An image of Stelo Labs' wallet extension firewall that lets crypto users know if their transaction is safe or not

Image Credits: Stelo Labs (opens in a new window)

Since September, it has protected thousands of wallets with a collective amount worth over $100 million, Scharfstein said.

The service runs the most popular signature types — or transaction agreements — through its engine to help determine whether a transaction is a low, moderate or high risk, and also provides context so people can understand what they’re signing, as opposed to telling them what to do, Dhesi said.

Today it’s releasing its developer API so independent dApps and wallets can use its Stelo Transaction Engine. It’s also launching a token approvals experience to help users understand their wallet’s “health score” and keep it safe by recommending revoking approvals to third parties, the co-founders said.

The capital will be used to expand the team and its product beyond a Google Chrome extension and “meeting users where they are,” Scharfstein said.

Over time, Stelo plans to develop an embedded version of its API and find a way to make the Ethereum transaction “human readable,” because there are many nuances at the moment, Dhesi said. “We don’t want every developer to reinvent the wheel, so we will package the Stelo user interface inside a library so they can just drop it in and make a customizable fit […] that’s something we’ll invest in over the next few months.”

In the long term, Stelo wants to build a user interface that puts every transaction through its service, whether that’s through a crypto wallet, consumer-facing extensions or another avenue, the co-founders said.

While the service is Ethereum-focused right now, Stelo wants to bring it to more Ethereum Virtual Machine (EVM)-compatible chains on board in the future, Scharfstein said. “We want to make sure every transaction goes through our risk extension.”

Stelo Labs raises $6M in a16z-led round to help crypto wallet users protect themselves by Jacquelyn Melinek originally published on TechCrunch

African gaming startup Carry1st raises $27M from Bitkraft Ventures and a16z

In the coming decades, Africa will be a significant growth market for mobile games driven by the proliferation of technology adoption among the continent’s youthful population. And as gamers in sub-Saharan Africa increase to over 180 million in the next five years, per a report, startups such as South Africa-based Carry1st are strategically positioning themselves for this successive growth phase in the industry.

Since its launch in 2018, Carry1st, a publisher of social games and interactive content across Africa, has raised funding from investors such as Google via its Africa Investment Fund and Avenir Growth Capital. But more impressive is its backing from top-tier funds focused on web3 and gaming: Andressen Horowitz (a16z), Konvoy Ventures – and now Bitkraft Ventures, the lead investor in its newly announced $27 million pre-Series B round. Both a16z and Konvoy participated in this financing round, including TTV Capital, Alumni Ventures, Lateral Capital and Kepple Ventures.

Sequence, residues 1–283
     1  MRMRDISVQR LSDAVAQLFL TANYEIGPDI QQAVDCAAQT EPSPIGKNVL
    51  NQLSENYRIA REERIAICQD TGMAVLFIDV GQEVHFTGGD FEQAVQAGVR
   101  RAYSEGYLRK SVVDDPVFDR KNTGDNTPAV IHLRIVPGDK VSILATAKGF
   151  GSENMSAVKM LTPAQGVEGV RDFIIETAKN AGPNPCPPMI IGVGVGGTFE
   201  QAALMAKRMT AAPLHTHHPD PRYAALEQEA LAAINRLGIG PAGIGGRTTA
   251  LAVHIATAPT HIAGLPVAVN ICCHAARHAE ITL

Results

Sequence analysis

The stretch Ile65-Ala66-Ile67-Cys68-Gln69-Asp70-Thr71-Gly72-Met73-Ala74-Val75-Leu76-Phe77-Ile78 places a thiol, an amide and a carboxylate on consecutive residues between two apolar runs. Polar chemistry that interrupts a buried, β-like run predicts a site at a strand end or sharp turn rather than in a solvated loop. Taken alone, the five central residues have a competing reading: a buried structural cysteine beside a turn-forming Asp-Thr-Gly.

“We now have, in our minds, the three best funds that focus on gaming and web3. And so it just adds even more resources, perspective, and assistance to help us achieve our goals,” chief executive officer Cordel Robbin-Coker told TechCrunch in an interview. 

Last January, Carry1st announced a $20 million Series A extension round, which followed the $6 million it raised in May 2021 from several investors, including Riot Games, the developer and publisher behind the most-played PC game globally, League of Legends. Sometime last year, Carry1st and Riot Games strengthened that investment by signing a partnership where the South African outfit agreed to pilot local payments for the American video game developer starting in 2023. In other words, Carry1st will act as Riot’s payments partner in Africa. 

Robbin-Coker, on the call, said the partnership leverages Pay1st, the gaming startup’s monetization-as-a-service platform used for the company’s games and that of third-party publishers. 

In 2018 when Carry1st launched, it was a game studio that conceptualized, developed, and launched mobile games (starting with Carry1st Trivia). While the company still makes its games or recently began acquiring games to improve, relaunch and publish at scale (Mine Rescue and Gebeta), Carry1st also exclusively licenses third-party games. Pay1st is the embedded finance platform that helps the startup make revenue from both categories: owned games and third-party games, of which Riot Games is one of its clients. 

“The partnership [with Riot Games] is our big initiative this year because we built all these cool tech around payments and digital commerce, and we leveraged it only for our games,” remarked the CEO, who founded Carry1st with Lucy Hoffman and Tinotenda Mundangepfupfu. “But we figured that we may as well leverage the opportunity to partner with awesome big game companies that maybe aren’t yet ready to license their games to us fully but would like to make more money in the region and understand how profitable Africa can be for them.”

Meanwhile, the CEO mentioned on the call that the four-year-old gaming startup has other partnerships, including a “large game licensing deal that we’re excited about.” In addition to the Riot Games collaboration, Carry1st is also building on the momentum of a successful partnership with Call of Duty®: Mobile in South Africa that happened in the last quarter of 2022, where Carry1st, acting as a local partner, instructed and directed the video games franchise on ways to achieve scale in South Africa during a three-month pilot test. 

“It [South Africa] is a promising market for them, and they were eager to have a local partner to help them navigate and help to execute a pilot over three months last year. We hope that will lead to, you know, even deeper engagement and even sort of bigger and better prospects for that franchise, not just in South Africa but potentially across the continent,” he added. 

South African music artiste Nasty C (far left); Carry1st co-founder and COO Lucy Hoffman (far right).